It begins with a preview of the theme plucked by low strings, followed by a short winding idea in violas and cellos that also plays a prominent role. Then we hear the Tallis theme played in its entirety by second violins, violas, and cellos. This melody will not return in full until the solo violin sings it near the end. The body of the piece is composed of meditations on phrases of the theme, new melodies spun from it, and the richly harmonized winding idea — all refracted by the different prisms of Vaughan Williams' three ensembles.
Although the Fantasia is not specifically religious music, it seems to speak to the spirit. Its mystical power was well expressed by Fuller Maitland, a reviewer of its first performance: "The work is wonderful because it seems to lift one into some unknown region of musical thought and feeling. Throughout its course, one is never quite sure whether one is listening to something very old or very new."
Romeo and Juliet Overture-Fantasy
Piotr Ilyich Tchaikovsky
Born in Votkinsk, Russia, May 7, 1840; died in St. Petersburg, November 6, 1893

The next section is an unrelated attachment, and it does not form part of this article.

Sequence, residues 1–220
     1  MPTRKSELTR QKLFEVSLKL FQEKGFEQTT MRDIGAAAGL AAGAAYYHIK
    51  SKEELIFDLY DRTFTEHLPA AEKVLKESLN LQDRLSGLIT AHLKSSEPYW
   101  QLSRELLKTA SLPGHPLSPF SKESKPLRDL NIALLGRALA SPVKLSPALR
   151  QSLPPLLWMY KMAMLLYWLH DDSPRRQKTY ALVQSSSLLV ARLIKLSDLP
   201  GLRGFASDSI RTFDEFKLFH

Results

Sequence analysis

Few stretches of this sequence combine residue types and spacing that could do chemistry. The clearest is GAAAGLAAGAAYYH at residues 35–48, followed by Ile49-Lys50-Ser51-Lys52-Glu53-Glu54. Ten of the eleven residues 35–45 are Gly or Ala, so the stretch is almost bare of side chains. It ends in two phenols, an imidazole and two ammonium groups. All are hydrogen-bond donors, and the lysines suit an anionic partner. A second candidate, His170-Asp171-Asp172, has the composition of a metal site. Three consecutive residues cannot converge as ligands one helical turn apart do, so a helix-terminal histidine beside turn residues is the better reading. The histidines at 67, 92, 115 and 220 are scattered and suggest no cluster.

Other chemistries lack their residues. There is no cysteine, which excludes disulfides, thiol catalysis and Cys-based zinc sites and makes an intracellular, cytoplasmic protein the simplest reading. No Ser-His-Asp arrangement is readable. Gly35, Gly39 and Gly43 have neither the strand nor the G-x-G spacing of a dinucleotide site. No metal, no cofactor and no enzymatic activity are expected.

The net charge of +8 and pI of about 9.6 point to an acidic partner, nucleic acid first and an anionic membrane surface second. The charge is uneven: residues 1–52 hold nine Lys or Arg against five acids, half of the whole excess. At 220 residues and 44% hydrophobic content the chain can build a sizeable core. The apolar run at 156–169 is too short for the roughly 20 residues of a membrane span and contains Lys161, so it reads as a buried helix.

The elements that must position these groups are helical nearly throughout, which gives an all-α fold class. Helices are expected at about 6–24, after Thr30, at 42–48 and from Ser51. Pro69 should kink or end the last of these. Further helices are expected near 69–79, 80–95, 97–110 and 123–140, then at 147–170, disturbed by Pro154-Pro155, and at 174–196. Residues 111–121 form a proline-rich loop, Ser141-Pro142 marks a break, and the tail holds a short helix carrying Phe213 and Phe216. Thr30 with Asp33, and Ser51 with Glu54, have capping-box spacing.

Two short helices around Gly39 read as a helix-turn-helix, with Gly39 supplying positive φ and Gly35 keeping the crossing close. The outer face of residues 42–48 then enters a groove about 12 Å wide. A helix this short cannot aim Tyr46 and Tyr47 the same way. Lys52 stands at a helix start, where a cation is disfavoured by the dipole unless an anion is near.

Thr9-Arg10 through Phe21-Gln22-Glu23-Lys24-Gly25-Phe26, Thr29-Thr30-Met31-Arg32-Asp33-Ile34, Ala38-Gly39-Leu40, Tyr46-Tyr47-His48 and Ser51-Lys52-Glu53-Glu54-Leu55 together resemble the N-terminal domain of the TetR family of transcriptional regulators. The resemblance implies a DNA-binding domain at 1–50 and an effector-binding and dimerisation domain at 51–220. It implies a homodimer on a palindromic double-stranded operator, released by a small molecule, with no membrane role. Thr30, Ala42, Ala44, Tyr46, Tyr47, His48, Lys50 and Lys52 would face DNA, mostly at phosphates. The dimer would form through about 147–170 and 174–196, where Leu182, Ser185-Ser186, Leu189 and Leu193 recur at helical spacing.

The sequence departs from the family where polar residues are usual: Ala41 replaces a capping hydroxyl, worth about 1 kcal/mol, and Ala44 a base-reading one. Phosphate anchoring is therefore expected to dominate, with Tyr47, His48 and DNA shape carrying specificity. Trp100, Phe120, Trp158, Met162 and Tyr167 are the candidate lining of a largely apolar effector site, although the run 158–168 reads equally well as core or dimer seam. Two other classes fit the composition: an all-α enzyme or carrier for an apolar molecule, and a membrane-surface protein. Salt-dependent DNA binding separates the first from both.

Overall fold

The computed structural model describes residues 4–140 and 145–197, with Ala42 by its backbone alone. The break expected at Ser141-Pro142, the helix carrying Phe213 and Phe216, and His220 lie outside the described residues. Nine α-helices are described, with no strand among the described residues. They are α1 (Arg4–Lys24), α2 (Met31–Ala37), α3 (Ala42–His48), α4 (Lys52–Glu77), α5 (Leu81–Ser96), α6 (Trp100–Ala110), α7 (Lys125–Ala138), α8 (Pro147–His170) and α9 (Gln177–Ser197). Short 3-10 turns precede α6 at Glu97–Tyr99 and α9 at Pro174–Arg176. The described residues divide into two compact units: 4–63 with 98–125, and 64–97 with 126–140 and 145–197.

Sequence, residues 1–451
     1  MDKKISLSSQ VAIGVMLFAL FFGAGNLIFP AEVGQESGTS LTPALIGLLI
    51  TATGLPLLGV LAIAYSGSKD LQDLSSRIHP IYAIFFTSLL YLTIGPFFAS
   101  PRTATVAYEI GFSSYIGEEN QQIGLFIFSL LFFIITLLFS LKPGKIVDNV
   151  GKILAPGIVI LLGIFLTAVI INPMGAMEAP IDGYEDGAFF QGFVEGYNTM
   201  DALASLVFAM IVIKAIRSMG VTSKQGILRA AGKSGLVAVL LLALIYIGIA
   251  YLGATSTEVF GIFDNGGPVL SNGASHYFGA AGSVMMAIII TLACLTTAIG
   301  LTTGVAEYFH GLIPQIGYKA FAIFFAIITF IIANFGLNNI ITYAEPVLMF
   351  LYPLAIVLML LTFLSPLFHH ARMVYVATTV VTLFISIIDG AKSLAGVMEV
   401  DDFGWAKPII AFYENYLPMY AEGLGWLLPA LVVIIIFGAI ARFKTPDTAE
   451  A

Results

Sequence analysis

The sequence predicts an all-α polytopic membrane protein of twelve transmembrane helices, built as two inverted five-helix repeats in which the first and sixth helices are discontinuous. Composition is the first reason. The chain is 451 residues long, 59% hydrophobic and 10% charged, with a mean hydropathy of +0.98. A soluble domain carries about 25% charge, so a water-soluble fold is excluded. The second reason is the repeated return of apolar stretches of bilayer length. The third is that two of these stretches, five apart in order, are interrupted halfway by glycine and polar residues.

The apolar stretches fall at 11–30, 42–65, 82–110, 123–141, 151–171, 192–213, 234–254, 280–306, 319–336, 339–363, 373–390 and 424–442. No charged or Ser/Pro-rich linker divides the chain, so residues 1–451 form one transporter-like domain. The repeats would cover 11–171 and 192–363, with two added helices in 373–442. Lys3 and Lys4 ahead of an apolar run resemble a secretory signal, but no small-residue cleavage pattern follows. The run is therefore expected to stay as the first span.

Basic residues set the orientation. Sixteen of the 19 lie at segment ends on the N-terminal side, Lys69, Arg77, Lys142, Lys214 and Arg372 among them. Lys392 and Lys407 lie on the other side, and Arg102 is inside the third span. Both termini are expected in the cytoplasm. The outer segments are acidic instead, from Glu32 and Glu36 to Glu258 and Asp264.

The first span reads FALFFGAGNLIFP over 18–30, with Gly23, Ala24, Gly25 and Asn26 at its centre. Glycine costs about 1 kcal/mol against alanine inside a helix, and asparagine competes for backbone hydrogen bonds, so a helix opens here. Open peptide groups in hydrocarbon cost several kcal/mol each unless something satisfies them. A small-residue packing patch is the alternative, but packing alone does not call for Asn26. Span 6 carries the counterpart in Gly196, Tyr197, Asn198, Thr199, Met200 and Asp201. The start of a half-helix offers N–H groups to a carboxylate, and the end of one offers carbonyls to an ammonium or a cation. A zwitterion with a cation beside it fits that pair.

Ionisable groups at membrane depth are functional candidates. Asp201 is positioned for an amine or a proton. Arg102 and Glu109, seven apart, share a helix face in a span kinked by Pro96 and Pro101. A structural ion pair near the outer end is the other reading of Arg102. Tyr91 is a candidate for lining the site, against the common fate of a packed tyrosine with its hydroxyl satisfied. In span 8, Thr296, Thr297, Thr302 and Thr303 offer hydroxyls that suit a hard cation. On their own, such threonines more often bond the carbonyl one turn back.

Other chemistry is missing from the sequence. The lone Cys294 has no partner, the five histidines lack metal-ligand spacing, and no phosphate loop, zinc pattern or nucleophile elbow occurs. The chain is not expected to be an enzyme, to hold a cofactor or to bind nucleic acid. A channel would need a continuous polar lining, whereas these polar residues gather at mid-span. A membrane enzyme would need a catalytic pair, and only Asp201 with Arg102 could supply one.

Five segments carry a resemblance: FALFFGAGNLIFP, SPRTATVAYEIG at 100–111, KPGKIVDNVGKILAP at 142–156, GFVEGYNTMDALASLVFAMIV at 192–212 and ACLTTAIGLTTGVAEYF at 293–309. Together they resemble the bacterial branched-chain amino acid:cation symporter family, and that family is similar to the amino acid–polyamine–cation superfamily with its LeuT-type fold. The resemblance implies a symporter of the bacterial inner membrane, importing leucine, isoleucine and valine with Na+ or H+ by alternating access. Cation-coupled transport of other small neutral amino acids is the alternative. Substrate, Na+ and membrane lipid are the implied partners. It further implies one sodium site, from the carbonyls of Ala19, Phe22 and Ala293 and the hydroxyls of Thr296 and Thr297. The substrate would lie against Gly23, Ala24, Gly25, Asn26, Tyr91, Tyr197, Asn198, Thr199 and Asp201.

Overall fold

Though now more than 400 years old, Shakespeare's Romeo and Juliet still reigns as the most compelling of all love stories. And it holds as much allure for composers as for movie directors. "God! What a fine subject!" wrote the French composer Hector Berlioz. "How it lends itself to music!"
In 1869, the 28-year-old Tchaikovsky was just recovering from the breaking off of his only romance with a woman—the fascinating Belgian opera singer Desirée Artôt—when he was urged to use this subject to transform his pain into art by his fellow Russian composer Mily Balakirev. This renunciation had been difficult for Tchaikovsky, and soon after, he was seen at the opera house listening to Artôt with tears streaming down his face.